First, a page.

En EspaŅol

Q. Who is Mr. Smarty Plants?

A: There are those who suspect Wildflower Center volunteers are the culpable and capable culprits. Yet, others think staff members play some, albeit small, role. You can torture us with your plant questions, but we will never reveal the Green Guru's secret identity.

Help us grow by giving to the Plant Database Fund or by becoming a member

Did you know you can access the Native Plant Information Network with your web-enabled smartphone?

Share

Ask Mr. Smarty Plants

Ask Mr. Smarty Plants is a free service provided by the staff and volunteers at the Lady Bird Johnson Wildflower Center.

Search Smarty Plants
    
 
See a list of all Smarty Plants questions
Can't find the answer in our existing FAQs, submit a question to Mr. Smarty Plants.
Need help with plant identification, visit the plant identification page.
 
rate this answer
Not Yet Rated

Wednesday - October 12, 2005

From: Covington, LA
Region: Southeast
Topic: Trees
Title: Possibility of saving hurricane-damaged Umbrella Magnolia
Answered by: Nan Hampton and Joe Marcus

QUESTION:

Our beautiful umbrella magnolia Magnoliaceae Magnolia tripetala was toppled during Hurricane Katrina. We have lifted it back in place, however it looks very distressed. I have the following questions: 1. Can it be saved? 2. Can I produce a cutting from the existing tree? 3. Can this tree still be purchased? 4. help!

ANSWER:

We are very sorry about your Umbrella magnolia (Magnolia tripetala).

1. The major factor in saving your tree is how much of the root ball remained intact when it toppled. If it still has most of its roots, it has a good chance of surviving; but you need to trim it back—HARD! Other factors that could affect its survival is the age of the tree, its health before the hurricane toppled it, and length of time the roots were exposed.

2. You can propagate by seeds or by rooting from shoots. The Botany.com web page describes how this can be done.

3. We have found a couple of nurseries, Overhill Gardens, in Vonore, Tennessee and NWN Nursery in Chipley, Florida that show Magnolia tripetala in their current catalogs. There are probably others in your area. You can visit the National Suppliers Directory in the Native Plant Information Network to search for nurseries that specialize in native plants in your area.

4. Finally, here is an excellent web page with Links: Information about Magnolias. Best of luck with your umbrella magnolia.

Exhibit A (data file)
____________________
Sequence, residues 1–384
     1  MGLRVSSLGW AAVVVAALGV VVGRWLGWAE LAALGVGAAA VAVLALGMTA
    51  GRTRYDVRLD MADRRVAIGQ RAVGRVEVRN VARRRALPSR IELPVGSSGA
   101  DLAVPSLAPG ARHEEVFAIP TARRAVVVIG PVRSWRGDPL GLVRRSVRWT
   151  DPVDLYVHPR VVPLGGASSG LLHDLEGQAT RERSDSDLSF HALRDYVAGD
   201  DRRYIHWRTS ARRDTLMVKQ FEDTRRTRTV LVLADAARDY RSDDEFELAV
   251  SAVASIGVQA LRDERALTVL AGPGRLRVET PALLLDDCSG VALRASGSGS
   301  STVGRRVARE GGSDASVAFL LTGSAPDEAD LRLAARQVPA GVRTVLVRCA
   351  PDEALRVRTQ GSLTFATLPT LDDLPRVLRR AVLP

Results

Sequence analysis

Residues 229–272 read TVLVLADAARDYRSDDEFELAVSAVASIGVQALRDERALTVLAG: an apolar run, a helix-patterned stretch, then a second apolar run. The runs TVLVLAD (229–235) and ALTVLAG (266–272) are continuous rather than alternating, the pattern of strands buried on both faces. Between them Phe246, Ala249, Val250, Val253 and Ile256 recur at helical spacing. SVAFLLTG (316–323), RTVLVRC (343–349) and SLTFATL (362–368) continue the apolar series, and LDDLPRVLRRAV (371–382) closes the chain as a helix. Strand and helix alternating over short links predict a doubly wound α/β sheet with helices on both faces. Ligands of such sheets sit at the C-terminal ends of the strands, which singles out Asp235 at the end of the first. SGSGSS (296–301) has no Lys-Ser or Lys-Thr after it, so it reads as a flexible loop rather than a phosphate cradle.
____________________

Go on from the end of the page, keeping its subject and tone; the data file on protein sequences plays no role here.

More Trees Questions

Trees to hide telephone poles and wires
September 28, 2009 - I am looking for trees to plant between my house and the street to hide telephone poles and wires. My top priority is to add strong, gold color in the fall. Spring flowers would be a plus. Because ...
view the full question and answer

Small tree to plant with high bush blueberry plants
May 13, 2008 - Dear Mr. Smarty Plants, I have four wonderful new highbush blueberry plants. I like to plant a native tree nearby to accent them, but cannot find a suitable one. I'd like a tree that is not going ...
view the full question and answer

Need plants beneficial or attractive to bees in Dripping Springs, TX
January 27, 2014 - Can you provide a specific list of plants beneficial or attractive to honey bees in the Texas Hill Country (we raise bees in Dripping Springs, TX.) Thanks.
view the full question and answer

Failure to thrive of potted blue-green cypress
July 26, 2008 - I received a small 14" potted blue-green cypress for Christmas 2007. Kept it in a bright window, not direct sun. It was doing great until two weeks ago when it started turning brown from the center. ...
view the full question and answer

June bug larvae destroying Red Twig Dogwood in Pittsburgh, PA
May 02, 2010 - June Bug larvae are destroying my Red Twig Dogwood. I have treated with Milky Spore, but the long wait for benefit is too long to save the ailing plant. What can I do? HELP! Thank you from the bot...
view the full question and answer

Smarty Plants's Facebook profile Support the Wildflower Center by Donating Online or Becoming a Member today.

Mr. Smarty Plants wants you to be his Facebook friend. Click the Facebook icon to add yourself to Mr. Smarty Plants list of friends.
E-NEWSLETTER | BECOME A MEMBER | DONATE NOW | MEDIA | SITEMAP | STAFF
© 2015 Lady Bird Johnson Wildflower Center